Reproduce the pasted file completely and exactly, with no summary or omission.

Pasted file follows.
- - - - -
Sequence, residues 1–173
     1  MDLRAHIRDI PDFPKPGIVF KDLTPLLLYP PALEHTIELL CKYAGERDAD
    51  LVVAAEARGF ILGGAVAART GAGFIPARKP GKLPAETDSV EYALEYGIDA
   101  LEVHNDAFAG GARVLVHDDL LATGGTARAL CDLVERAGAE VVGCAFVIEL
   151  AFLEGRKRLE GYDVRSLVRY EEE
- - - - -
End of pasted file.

Sequence, residues 1–173
     1  MDLRAHIRDI PDFPKPGIVF KDLTPLLLYP PALEHTIELL CKYAGERDAD
    51  LVVAAEARGF ILGGAVAART GAGFIPARKP GKLPAETDSV EYALEYGIDA
   101  LEVHNDAFAG GARVLVHDDL LATGGTARAL CDLVERAGAE VVGCAFVIEL
   151  AFLEGRKRLE GYDVRSLVRY EEE